The invention shows drivers the air pollution at the school gates.

French car maker Renault has devised a high-tech school crossing lollipop intended to alert drivers to the air pollution found near schools. The invention was created as part of the company’s ‘Be Mindful, Don’t Idle’ campaign, urging motorists not to leave their engines running while waiting at the school gates.

According to Renault’s research, more than a quarter of school run parents (27 percent) admit to leaving their car running while stationary outside schools, despite the fact councils now have the power to crack down on such behaviour. Research from the British Lung Foundation and Asthma UK also reckons more than 8,500 schools and nurseries are located in areas with “dangerously high” levels of pollution.

The new school crossing lollipop is designed to alert drivers to this by showing a visual representation of the air quality in the immediate vicinity. The lollipop has a sensor that measures PM 2.5 particulate levels and a matrix display, allowing it to show whether air quality is good, okay or poor. The bands are determined based on guidance from the Department for the Environment, Food and Rural Affairs (DEFRA).

Renault demonstrated the technology outside a school in Bedford, using a road that plays host to two schools and a college. The “highly accurate” sensor detected air pollution of between 2.5 μg per cubic metre and 14.7 μg per cubic metre between 07:00 and 07:45am – a low level by DEFRA’s definitions – but as the morning commute began to get busier, the figure rose. At 08:00, this figure quickly grew to 25.7 μg per cubic metre – higher than the legal limit – as the traffic increased.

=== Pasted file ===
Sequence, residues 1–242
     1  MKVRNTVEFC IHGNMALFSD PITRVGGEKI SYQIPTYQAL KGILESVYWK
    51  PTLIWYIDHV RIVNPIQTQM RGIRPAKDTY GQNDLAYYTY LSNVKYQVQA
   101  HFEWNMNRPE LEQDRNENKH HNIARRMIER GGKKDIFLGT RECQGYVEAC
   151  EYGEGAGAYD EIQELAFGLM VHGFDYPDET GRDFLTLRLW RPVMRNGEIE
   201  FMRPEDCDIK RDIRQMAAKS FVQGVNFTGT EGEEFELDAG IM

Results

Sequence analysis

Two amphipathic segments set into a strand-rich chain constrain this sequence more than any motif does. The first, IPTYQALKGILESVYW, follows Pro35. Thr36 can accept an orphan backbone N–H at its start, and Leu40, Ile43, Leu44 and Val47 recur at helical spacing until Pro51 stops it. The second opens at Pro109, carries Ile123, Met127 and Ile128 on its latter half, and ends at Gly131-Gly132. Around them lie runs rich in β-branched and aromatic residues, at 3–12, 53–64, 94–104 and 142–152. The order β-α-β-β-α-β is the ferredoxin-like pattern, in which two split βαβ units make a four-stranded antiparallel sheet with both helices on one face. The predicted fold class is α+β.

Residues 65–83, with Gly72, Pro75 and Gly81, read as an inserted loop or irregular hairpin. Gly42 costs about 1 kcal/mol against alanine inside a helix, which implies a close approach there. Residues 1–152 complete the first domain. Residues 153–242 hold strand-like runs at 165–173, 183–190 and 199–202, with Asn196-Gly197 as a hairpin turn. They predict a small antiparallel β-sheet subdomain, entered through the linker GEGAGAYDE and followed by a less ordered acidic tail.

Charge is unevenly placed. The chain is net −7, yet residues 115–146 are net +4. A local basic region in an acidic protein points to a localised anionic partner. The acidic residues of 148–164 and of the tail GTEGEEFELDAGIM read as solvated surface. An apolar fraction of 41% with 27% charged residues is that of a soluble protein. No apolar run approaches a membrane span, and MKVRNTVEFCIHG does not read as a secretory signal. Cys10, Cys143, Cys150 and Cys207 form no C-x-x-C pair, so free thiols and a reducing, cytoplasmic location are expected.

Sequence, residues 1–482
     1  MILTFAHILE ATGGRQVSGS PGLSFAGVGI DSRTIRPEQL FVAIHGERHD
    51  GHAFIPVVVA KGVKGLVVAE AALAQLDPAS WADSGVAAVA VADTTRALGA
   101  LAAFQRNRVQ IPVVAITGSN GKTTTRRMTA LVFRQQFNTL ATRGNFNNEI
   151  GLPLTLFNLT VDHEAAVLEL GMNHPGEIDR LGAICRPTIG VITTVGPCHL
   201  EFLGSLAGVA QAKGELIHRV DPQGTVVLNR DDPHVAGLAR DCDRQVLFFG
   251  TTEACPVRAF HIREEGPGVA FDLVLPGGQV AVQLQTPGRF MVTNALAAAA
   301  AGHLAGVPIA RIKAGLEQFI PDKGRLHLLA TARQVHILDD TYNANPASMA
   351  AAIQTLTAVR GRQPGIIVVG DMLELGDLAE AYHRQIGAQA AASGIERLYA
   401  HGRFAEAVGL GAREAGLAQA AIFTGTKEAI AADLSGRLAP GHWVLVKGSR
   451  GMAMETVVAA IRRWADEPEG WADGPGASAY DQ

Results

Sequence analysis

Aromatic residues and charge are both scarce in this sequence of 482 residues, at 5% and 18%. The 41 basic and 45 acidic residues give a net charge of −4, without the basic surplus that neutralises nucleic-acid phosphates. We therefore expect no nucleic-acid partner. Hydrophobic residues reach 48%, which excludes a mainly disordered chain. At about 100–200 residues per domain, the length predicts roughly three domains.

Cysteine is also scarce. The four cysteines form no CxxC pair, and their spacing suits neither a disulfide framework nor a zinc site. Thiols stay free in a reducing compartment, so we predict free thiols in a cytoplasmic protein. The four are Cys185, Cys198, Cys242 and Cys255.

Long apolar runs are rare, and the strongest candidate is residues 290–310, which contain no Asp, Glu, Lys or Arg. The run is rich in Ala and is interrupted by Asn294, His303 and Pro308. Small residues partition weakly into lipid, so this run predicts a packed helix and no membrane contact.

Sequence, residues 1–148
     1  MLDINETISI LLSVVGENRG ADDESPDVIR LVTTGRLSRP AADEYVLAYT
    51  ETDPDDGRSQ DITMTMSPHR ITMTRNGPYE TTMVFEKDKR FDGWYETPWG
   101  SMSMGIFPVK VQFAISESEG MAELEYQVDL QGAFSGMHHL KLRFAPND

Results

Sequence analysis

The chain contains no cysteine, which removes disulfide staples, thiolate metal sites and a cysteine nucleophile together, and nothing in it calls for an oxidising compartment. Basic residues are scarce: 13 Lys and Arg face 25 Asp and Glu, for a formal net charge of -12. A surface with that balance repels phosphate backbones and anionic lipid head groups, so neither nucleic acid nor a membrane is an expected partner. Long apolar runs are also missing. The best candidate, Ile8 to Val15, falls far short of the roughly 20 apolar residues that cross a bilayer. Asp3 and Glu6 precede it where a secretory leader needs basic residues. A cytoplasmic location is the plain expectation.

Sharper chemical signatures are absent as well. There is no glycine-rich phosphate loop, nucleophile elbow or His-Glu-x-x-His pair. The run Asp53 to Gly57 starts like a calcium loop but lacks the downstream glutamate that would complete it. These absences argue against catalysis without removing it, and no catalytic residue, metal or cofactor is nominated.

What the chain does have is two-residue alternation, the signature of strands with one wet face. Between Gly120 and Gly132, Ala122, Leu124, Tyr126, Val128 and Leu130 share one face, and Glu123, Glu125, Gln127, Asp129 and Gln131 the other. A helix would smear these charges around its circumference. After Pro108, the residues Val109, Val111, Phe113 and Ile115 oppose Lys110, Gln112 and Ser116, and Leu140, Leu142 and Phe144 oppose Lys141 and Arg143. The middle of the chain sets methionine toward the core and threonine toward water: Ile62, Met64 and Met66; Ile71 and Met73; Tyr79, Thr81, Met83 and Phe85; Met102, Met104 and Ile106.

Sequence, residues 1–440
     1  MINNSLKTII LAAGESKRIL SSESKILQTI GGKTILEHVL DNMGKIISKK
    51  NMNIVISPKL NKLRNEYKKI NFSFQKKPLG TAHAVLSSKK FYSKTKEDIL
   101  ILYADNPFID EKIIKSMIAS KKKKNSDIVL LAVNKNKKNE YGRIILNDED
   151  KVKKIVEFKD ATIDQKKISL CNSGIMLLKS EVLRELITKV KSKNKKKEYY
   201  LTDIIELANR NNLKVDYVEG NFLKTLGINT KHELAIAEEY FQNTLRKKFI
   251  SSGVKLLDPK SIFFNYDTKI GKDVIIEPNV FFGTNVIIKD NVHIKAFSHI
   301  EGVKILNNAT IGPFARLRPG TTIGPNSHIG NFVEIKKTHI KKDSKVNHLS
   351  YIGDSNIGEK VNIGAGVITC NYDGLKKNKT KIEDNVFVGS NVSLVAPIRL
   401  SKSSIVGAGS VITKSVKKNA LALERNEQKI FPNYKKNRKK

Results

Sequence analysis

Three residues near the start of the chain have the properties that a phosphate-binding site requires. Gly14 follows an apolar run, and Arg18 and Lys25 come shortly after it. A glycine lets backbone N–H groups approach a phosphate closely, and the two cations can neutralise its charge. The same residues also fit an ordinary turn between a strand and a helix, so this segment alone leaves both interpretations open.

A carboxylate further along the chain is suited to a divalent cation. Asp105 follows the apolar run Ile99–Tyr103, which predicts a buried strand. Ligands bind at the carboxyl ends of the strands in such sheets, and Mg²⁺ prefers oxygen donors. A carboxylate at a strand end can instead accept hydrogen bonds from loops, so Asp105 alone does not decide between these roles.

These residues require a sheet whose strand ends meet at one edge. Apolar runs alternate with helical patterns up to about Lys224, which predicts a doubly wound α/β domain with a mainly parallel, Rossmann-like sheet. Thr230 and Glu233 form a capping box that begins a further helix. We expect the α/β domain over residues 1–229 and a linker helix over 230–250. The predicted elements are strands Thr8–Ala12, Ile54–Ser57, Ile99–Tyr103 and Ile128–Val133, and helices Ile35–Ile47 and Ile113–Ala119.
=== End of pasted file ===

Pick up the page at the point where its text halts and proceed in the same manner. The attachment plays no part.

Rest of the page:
Renault says an idling engine can pump out enough emissions to fill 150 party balloons every minute. It’s more common in urban areas, where the company’s study found more than half of people admit to doing it, than in rural communities. More than a quarter of those questioned (28 percent) said they leave their engines running for six to 10 minutes.

The French firm says it hopes initiatives such as the air quality lollipop will alert drivers to the problem of air pollution near schools. It wants drivers to reduce unnecessary emissions by switching engines off at the school gates.

“The lollipop has been the symbol of road safety for decades,” said Matt Shirley, Renault’s senior manager for electrification and new mobility. “Today, safety is not just about how to cross a road, it is also about how safe the air is that our children breathe going in and out of schools on a daily basis. The adoption of electric vehicles is a journey, but in the meantime, it’s important that we all do our bit and don’t leave our engines running unnecessarily.”

Gallery: Renault's pollution-detecting lollipop